CHICAGO — The Chicago Fire Department is dominated by white men — but the department’s first-ever Black woman leader vowed on Wednesday to change that, thanks in part to a long-awaited new opportunity to bring on fresh recruits.
Fire department Comm. Annette Nance-Holt kicked off her more than three-hour budget hearing on Wednesday by ticking through the “main goals” she has charted since being confirmed to her job in May, including advancing “diversity, equity and inclusion” in the department. She pointed to the gaggle of top department officials surrounding her at the City Council dais, saying aldermen “can see how I have assembled a leadership team that mirrors the communities we serve.”
The approximately 5,000 firefighters, medical responders and support staffers who make up the fire department are together about 64 percent white and 90 percent male, Nance-Holt said. The racial disparity has long been a source of agitation among aldermen, and the department has repeatedly had to fight off accusations of sexual harassment and misogyny — including in court.
The department was required in 2018 to retrofit its station bathrooms to accommodate nursing mothers as part of a settlement brought by a female paramedic. And earlier this year, the City Council approved a more than $1.8 million payout to settle a lawsuit brought by multiple women who alleged the department worked to protect serial sexual abusers while rebuffing their victims.
- Paramedic settles suit against city over nursing policy
- Aldermen approve $1.83M to settle lawsuit alleging sexual harassment patterns in fire department
Nance-Holt pointed on Wednesday to a new program called the “Honor Our House” initiative, which she said “promotes inclusivity and strives to eliminate discrimination, harassment and retaliation within the fire department.”
She also pointed to a new firefighter entrance exam set for early next year — the department’s first since 2014 — as an opportunity to imbue recruitment with “an even greater commitment toward outreach and inclusion.” The topic of the exam consumed last year’s fire department budget hearing, when previous Comm. Richard Ford II warned the years-long delay would hobble the department’s efforts to diversify.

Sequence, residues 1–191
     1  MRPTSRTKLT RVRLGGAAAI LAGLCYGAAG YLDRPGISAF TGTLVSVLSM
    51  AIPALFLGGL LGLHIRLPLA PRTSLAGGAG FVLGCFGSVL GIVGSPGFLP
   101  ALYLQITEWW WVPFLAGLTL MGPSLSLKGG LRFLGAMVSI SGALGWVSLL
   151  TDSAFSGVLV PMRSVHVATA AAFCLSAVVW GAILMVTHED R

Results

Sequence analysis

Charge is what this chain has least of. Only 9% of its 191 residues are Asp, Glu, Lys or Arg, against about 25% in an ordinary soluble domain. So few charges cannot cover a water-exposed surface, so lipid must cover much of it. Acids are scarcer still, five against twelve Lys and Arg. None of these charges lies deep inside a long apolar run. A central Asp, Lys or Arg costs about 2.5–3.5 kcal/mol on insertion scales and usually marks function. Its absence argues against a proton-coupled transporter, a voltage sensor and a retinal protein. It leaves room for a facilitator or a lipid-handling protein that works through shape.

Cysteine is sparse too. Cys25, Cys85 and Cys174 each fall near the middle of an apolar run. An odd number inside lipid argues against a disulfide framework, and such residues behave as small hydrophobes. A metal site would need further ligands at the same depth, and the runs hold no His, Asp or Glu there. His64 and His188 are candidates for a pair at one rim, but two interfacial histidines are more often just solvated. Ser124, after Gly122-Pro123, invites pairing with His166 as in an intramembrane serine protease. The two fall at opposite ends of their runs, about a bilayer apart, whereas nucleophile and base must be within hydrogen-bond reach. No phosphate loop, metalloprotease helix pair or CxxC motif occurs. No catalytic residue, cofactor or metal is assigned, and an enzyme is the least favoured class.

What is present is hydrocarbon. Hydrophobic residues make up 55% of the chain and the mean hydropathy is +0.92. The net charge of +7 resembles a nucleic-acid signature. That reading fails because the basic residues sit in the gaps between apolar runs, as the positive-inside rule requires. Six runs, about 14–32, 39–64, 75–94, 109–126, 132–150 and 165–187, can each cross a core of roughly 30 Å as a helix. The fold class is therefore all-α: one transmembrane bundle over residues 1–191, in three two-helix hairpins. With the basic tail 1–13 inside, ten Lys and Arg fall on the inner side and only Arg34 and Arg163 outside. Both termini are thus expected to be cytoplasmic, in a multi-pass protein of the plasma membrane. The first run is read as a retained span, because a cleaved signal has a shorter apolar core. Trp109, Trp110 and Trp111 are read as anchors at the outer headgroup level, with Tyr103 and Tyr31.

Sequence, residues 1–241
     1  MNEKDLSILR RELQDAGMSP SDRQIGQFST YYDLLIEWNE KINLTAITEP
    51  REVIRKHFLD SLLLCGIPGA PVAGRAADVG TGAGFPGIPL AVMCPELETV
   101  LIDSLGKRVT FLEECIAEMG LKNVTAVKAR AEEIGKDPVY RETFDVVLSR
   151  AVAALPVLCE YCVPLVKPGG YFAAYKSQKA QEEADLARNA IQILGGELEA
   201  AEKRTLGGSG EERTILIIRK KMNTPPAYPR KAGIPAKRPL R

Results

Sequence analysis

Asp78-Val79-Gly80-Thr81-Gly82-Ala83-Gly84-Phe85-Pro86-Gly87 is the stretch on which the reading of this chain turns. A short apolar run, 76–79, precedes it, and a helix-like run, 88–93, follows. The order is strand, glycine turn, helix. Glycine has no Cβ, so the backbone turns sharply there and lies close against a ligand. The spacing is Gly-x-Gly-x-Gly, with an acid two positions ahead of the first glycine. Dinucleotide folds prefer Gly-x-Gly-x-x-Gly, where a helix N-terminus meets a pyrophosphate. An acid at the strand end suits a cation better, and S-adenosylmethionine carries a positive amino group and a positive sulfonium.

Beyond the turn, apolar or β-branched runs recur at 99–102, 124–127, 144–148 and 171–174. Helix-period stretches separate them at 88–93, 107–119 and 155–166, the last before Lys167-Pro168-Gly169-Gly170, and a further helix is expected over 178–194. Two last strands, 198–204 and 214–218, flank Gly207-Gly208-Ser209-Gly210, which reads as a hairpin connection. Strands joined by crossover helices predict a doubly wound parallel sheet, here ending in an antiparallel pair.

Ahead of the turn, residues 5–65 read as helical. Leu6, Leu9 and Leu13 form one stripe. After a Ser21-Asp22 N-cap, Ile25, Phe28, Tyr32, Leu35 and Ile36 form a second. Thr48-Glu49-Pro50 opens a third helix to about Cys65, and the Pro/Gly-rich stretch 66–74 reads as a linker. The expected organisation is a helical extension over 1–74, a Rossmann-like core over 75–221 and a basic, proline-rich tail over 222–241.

The department has been pulling recruits every year from the same “rather old list” of approximately 20,000 people who passed the 7-year-old test, Nance-Holt said Wednesday. But the new exam opens a new opportunity to guide women and people of color to the doorway, she said. Nance-Holt pointed next to her to Mary Sheridan, whom she elevated to the role of deputy commissioner this year.
“You see two women leading the second-largest department in the U.S. — so girls can do this,” Nance-Holt said, calling on aldermen to “help spread the message within their wards so that we can reach as many people as possible.”
“I need diversity greatly in my entry ranks and up through,” she said. “Because the only way to get people to this position [is for them] to walk in the door. If we can’t get them in the door, we can’t make them engineers, lieutenants, captains…on up the ranks.”
She added that she intends to work with the city’s Department of Human Resources to “have testing more frequently,” including for internal promotions, to keep the pipeline fresh.
The department as of Wednesday had about 260 vacancies across its 5,124 full-time equivalent positions, officials said. All remaining paramedic vacancies are on the verge of being filled with a graduating class, and the department expects to recruit 200 new firefigthers next year.
And unlike the Chicago Police Department, which is hurting for new recruits as it looks to plug nearly 1,000 vacancies, the fire department has “no problem” attracting new blood, Nance-Holt said.
“We have so many people waiting to get this job,” Nance-Holt said — including “quite a few” police who are “changing careers.”
Office of Public Safety Administration
One of the city’s newest offices, tasked with finding efficiencies among the fire department and other public safety agencies, has saved the city less than $1 million, leaders told aldermen on Wednesday.